Under Immigration and Nationality Act (INA) Section 212(a)(5)(C), health care workers (except physicians) who seek employment in the United States must obtain a health care worker certification from an approved independent credentialing organization. Physical therapists are among those allied health professionals subject to this requirement and commonly obtain the required certification from the Foreign Credentialing Commission on Physical Therapy (FCCPT). Until September 2016, physical therapists who possessed a bachelor’s degree in physical therapy were able to submit their credentials, including evidence of their bachelor’s degree, to FCCPT and obtain the certificate. That standard has changed, effective immediately.
For the remainder of this calendar year, all applications filed with FCCPT by September 15, 2016, that are “in review” (all documents in support of the applications have been received) or “pending” (additional documents are required to complete the applications) must show substantial equivalence to a master’s degree or higher in physical therapy in order to obtain the required certification. Applications filed after September 15, 2016, must include evidence of a master’s degree or higher in physical therapy in order to obtain the required certification. The previously issued certifications to applicants who applied based on a bachelor’s degree prior to this new rule becoming effective remain valid and applicants may obtain subsequent renewals of those certifications (if the currently valid certifications are set to expire) for the remainder of 2016 without meeting the new master’s degree or higher standard.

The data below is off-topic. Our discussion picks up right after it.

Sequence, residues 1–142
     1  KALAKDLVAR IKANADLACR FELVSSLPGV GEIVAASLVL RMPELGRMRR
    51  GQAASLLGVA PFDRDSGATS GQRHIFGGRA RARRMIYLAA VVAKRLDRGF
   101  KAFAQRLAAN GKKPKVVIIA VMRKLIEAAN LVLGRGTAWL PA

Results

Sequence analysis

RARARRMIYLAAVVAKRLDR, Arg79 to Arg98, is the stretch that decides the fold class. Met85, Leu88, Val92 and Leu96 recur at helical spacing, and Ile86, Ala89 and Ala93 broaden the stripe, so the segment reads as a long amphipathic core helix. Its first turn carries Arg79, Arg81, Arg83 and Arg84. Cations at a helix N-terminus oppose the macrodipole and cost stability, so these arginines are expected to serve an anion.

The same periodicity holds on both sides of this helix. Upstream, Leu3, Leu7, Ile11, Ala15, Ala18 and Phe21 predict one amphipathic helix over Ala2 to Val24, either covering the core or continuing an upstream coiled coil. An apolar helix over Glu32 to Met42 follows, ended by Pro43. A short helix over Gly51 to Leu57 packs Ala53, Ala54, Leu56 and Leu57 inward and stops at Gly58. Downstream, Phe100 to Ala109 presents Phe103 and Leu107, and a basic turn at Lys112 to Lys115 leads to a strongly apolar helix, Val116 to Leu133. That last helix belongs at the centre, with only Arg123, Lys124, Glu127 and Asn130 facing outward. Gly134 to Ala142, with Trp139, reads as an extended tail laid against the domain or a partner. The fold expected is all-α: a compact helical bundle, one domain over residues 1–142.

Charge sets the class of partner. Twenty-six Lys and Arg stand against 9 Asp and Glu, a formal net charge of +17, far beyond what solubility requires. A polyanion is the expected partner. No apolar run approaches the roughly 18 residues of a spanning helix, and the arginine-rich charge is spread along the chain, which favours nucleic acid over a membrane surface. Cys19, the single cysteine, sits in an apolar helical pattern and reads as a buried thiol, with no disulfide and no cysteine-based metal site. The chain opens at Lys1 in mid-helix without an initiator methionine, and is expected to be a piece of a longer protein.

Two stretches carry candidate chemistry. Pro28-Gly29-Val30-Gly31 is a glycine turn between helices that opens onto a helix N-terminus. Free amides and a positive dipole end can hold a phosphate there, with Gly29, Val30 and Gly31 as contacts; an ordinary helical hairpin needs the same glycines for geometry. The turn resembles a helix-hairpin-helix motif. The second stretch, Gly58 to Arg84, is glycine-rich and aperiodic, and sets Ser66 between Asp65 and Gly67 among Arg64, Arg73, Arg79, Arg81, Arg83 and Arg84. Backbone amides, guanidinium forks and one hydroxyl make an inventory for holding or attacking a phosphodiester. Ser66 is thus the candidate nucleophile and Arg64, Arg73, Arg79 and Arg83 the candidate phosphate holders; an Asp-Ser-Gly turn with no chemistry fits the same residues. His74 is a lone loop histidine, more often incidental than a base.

As of January 1, 2017, applicants for FCCPT certification must meet an even higher educational standard. They must possess a doctorate in physical therapy in order to obtain certifications from FCCPT. Here again, applications for renewals of previously issued certifications would not need to include evidence of this heightened standard in order for renewals to be issued.
This new rule dramatically changes the standards for physical therapists seeking to obtain health care worker certifications from FCCPT. All new applications for the remainder of 2016 must have evidence of a master’s degree or higher in physical therapy and all new applications starting in 2017 must have evidence of a doctorate in physical therapy. It is unclear as of this writing whether the Commission on Graduates of Foreign Nursing Schools (CGFNS), which also is authorized under INA to issue certifications to physical therapists, will change its standards similar to FCCPT’s changes.
Jackson Lewis will monitor any further developments with respect to health care worker certifications for U.S. employment.